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It's About Balance: Talking Boys and Body Image

Alisabeth Von Presley
Lovar Davis Kidd, in Cedar Rapids

We know that media images and cultural expectations can have serious consequences for girls, but how do boys and men feel when flooded with images of the ideal man with six pack abs and a chiseled physique?

Tim Eilers, who is Wellness Director for Whirlpool and a former college football player, says that when he was younger, those images made an impression.

“I played on the offensive line, so they wanted me to be as big as I could be. I wanted chiseled abs,” he says.

“There’s a lot of body dysmorphia in men. Even as you walk past the second biggest guy in the gym, he’s looking at the biggest guy. It’s rampant.”

During this hour of Talk of Iowa, host Charity Nebbe talks with Eilers, and Lovar Davis Kidd, who is a yoga teacher and massage therapist in Cedar Rapids.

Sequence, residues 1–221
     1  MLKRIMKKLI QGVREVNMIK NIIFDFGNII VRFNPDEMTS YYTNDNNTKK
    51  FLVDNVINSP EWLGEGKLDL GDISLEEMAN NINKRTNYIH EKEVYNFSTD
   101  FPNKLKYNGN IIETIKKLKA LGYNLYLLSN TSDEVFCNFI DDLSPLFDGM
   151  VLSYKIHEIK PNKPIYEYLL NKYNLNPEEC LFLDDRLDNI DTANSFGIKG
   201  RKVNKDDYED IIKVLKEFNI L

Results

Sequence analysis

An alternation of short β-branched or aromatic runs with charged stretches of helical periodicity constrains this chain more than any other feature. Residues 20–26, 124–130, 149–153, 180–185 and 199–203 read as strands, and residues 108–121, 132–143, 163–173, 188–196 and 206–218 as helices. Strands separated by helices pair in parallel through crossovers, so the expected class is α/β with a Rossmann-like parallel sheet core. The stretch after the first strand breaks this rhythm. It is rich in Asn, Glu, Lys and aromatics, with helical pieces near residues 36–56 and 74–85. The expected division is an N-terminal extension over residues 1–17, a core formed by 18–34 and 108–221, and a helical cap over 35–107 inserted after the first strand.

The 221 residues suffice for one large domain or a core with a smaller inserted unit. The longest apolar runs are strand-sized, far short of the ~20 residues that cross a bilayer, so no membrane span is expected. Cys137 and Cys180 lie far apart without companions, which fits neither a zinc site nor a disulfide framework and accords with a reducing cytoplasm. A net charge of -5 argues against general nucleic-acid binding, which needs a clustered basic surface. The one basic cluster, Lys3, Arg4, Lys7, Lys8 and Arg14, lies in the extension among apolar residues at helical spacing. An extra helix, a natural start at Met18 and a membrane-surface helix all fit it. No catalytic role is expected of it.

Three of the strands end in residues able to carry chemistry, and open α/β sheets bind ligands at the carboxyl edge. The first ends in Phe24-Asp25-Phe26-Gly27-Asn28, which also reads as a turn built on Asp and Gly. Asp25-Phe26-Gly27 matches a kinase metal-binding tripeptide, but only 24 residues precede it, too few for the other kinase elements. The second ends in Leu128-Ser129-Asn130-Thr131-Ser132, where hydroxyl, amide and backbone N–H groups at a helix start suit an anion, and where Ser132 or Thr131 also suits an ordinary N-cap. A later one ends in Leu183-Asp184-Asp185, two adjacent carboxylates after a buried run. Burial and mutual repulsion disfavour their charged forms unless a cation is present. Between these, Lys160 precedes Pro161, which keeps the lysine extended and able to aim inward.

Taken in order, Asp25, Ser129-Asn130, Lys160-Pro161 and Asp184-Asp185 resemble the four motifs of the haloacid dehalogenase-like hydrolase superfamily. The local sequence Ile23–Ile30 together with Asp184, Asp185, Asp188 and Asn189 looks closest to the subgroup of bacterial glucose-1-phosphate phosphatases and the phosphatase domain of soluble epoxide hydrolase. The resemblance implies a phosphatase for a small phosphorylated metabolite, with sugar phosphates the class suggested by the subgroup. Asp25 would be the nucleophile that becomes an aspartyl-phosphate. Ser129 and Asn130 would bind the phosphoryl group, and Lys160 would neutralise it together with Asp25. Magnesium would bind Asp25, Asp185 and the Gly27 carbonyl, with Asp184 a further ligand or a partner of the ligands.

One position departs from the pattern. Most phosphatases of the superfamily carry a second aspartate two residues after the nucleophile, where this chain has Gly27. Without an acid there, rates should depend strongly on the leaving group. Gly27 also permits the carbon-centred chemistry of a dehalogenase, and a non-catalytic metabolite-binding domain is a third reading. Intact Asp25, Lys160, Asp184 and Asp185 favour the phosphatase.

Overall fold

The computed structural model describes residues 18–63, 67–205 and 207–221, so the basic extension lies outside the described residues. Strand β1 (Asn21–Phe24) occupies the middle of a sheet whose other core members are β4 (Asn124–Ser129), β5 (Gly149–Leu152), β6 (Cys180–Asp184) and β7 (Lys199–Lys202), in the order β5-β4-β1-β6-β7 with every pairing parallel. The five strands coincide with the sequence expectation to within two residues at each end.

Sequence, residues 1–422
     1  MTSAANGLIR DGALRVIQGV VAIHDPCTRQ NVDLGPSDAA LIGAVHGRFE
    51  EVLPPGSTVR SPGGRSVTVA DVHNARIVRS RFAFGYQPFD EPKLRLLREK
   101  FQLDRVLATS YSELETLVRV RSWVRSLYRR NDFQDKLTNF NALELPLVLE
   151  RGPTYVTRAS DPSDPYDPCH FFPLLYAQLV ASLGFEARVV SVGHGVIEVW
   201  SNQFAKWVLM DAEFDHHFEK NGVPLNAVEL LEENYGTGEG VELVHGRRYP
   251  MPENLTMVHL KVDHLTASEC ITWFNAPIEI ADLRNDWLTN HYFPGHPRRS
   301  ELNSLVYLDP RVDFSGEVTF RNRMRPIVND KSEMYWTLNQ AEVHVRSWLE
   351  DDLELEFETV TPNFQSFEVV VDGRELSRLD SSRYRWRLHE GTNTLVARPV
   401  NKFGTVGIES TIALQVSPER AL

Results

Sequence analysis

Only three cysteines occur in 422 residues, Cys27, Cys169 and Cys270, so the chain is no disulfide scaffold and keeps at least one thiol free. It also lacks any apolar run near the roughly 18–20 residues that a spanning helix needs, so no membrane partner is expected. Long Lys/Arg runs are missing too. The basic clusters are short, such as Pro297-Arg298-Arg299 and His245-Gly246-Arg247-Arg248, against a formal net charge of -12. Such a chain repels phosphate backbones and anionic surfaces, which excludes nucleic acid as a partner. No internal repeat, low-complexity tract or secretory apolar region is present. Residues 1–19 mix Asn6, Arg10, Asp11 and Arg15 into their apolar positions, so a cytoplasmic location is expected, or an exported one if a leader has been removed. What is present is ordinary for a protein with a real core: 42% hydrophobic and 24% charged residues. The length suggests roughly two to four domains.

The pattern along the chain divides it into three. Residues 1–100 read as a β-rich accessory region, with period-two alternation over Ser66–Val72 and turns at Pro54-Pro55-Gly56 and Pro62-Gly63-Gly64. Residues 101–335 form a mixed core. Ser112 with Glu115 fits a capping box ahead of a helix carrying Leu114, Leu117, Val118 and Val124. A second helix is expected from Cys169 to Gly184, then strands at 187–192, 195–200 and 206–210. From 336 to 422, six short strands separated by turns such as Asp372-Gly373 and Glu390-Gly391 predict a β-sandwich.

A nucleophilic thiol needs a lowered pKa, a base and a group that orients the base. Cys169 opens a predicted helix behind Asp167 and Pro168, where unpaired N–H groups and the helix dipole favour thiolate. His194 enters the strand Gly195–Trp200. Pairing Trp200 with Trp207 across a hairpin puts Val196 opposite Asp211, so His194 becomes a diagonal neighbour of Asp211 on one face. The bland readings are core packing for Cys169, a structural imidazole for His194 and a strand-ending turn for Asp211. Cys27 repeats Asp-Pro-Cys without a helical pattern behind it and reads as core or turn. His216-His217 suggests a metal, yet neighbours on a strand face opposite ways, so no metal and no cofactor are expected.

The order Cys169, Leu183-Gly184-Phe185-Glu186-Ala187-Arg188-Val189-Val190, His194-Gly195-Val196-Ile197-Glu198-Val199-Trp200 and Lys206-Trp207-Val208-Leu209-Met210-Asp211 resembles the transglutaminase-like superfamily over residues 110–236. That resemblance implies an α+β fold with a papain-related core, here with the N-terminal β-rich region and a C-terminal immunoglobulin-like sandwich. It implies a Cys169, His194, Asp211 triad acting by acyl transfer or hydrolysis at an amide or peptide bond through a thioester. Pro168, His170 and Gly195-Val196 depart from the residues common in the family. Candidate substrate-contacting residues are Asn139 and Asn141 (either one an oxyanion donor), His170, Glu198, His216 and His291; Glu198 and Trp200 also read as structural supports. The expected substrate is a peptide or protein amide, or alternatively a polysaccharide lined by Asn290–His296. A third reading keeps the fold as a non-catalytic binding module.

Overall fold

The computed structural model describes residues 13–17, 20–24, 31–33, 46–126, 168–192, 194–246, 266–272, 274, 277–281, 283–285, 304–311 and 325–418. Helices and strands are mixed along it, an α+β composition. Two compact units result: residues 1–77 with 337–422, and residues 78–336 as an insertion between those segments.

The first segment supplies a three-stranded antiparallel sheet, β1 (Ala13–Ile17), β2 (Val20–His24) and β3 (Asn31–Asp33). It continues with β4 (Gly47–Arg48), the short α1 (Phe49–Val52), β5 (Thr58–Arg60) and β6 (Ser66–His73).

Kidd says he played football in high school, and discovered dance and yoga in college.

“It comes down to what’s supposed to be for men and what’s supposed to be for women,” Kidd says. “Men don’t want to do yoga because they aren’t flexible. Women struggle sometimes when yoga instructors are working on strength. But we really should do what we aren’t good at to balance our bodies.”

Emily Wentzell, who is an associate professor of anthropology and director of international studies program at the University of Iowa; and Ashley Armistead, founder/director for a program called Let Me Run, also join the show. 

Lindsey Moon served as IPR's Senior Digital Producer - Music and the Executive Producer of IPR Studio One's All Access program. Moon started as a talk show producer with Iowa Public Radio in May of 2014. She came to IPR by way of Illinois Public Media, an NPR/PBS dual licensee in Champaign-Urbana, Illinois, and Wisconsin Public Radio, where she worked as a producer and a general assignment reporter.
Charity Nebbe is the host of IPR's Talk of Iowa